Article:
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Being Bullish, Bearish, or Neutral with Options

August 24
16:12 2011

Options are frequently referred to as a way to limit the overall risk of taking a position in a market – and they certainly can be. There are also many opportunities to take on a lot of risk (and, theoretically, a lot of reward) with certain options trading strategies, but no matter why you’re choosing to trade options instead of directly trading the underlying asset’s market, it’s always important to have a firm, well-supported opinion on the underlying market’s direction. Are you bullish, bearish, or neutral for that market?

Consider the reasons why they were developed in the first place. A trader may have an existing long position in a market, but need to protect himself against the possibility of that market going lower. In that instance, he would buy a put, which is an instrument that gives him the “option” of selling the market at a certain strike price within a certain timeframe. So if the market does collapse on him, his original long position was protected because he can still sell at the strike price of his put to make up for the loss. In that instance, the trader was originally bullish on the market, but he changed to a neutral position when he was both long in the market and holding onto a put.

So being long a put option (i.e. buying and owning a put) is actually a bearish position. It can be used to offset a long position in the underlying market. Or … it can be used by itself to just take a low-risk bearish position. If you have no straight position in the underlying market, and instead you just go out and buy a put, you will make a profit if the market falls below the strike price of your put. That’s the same as being bearish in the underlying market – which would also profit when the market falls. If instead, the market goes up and you own a put, you face no extra obligation, which is why it is a limited risk position compared to simply being short in the underlying market.

Similarly, being long a call option is a bullish position for the underlying market, which profits when the market moves above the call’s strike price. The owner of a call has no obligation if the market doesn’t move higher as he expected, so it’s a limited-risk bullish strategy.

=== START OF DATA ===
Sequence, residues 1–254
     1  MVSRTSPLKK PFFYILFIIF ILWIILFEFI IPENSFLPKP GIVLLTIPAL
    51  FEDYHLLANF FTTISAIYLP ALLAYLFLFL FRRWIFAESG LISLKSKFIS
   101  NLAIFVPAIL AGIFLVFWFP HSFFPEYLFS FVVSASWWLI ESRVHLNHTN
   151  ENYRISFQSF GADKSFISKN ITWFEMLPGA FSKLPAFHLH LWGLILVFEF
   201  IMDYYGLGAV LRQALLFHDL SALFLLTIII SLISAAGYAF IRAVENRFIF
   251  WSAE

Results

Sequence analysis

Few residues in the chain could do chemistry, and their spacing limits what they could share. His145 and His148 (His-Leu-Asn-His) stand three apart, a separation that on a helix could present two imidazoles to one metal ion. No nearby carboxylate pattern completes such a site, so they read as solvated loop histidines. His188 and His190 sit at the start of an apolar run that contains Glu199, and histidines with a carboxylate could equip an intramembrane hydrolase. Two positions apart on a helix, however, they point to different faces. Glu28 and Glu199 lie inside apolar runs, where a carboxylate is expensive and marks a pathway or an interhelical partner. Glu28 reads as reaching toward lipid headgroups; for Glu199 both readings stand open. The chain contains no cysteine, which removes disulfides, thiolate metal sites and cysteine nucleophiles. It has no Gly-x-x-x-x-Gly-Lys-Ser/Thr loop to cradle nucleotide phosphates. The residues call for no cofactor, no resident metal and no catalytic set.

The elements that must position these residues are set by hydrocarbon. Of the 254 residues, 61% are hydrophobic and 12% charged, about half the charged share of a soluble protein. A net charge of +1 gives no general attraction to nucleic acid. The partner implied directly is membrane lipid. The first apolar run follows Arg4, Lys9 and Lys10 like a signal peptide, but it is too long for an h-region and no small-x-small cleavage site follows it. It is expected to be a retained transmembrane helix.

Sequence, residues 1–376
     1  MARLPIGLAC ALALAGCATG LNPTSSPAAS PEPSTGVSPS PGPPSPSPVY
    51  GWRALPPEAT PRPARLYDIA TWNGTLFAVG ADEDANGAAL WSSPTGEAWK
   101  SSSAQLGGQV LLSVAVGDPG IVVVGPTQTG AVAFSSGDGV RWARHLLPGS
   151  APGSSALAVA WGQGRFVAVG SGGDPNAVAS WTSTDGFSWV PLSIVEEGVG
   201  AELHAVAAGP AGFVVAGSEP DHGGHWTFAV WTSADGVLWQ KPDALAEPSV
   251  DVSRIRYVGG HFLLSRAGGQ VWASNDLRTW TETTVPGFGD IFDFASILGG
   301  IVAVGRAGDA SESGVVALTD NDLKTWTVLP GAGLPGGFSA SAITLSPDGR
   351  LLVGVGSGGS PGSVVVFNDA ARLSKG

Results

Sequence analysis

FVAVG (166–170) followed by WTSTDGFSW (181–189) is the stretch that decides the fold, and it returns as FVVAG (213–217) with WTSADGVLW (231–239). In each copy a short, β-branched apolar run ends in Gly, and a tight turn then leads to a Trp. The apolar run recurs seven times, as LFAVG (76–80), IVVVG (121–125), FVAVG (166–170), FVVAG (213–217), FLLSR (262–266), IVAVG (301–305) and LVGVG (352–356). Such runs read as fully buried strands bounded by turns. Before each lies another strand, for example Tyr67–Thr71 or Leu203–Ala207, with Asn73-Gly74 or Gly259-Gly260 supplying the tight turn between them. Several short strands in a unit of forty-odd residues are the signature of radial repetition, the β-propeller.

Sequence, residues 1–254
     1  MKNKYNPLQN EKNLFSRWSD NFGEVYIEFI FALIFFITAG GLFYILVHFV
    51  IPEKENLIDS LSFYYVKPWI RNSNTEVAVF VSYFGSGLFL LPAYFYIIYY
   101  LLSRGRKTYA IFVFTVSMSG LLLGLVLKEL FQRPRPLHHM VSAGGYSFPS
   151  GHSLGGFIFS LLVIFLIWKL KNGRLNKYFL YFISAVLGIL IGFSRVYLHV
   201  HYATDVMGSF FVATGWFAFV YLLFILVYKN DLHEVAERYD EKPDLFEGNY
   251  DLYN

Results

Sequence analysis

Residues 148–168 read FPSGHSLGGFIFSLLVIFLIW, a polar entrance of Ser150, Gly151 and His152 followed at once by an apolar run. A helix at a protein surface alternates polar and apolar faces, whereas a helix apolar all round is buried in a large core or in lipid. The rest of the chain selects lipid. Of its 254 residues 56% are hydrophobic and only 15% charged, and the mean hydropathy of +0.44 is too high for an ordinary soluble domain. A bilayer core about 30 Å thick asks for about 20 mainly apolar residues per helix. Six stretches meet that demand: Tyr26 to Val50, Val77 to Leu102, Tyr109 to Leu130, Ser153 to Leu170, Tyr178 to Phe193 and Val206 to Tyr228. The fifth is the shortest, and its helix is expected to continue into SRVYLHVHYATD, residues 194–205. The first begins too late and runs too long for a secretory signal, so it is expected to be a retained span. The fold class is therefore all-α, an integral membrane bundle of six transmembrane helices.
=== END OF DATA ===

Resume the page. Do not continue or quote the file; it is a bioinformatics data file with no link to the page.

The caveat, of course, is that either of these positions – being long in puts or long in calls – does face some risk of the actual price tag for the options themselves (the premium) losing some value before the position gets closed out. But an option buyer will pay the premium upfront and that cost of the bullish or bearish strategy will be known at the outset.

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Consider that for every buyer of a put or call, there is a counterparty trader who sold them that put or call. One who sells a put will have an obligation to pay out the position if the underlying market falls below the put’s strike price, so the seller of that put will only put himself in that position if he feels the market will stay above that price … that is, if he’s bullish. Selling puts is another way to express a bullish market opinion with options. Similarly, selling calls is a way to express a bearish market opinion with options. Both those strategies involve receiving the premium income upfront and risking the possibility of having to pay out on the option later on.

Other Related Articles:

Leveraging Strategy of Option Ratio Spreads

Options Trading in Agriculture Commodities


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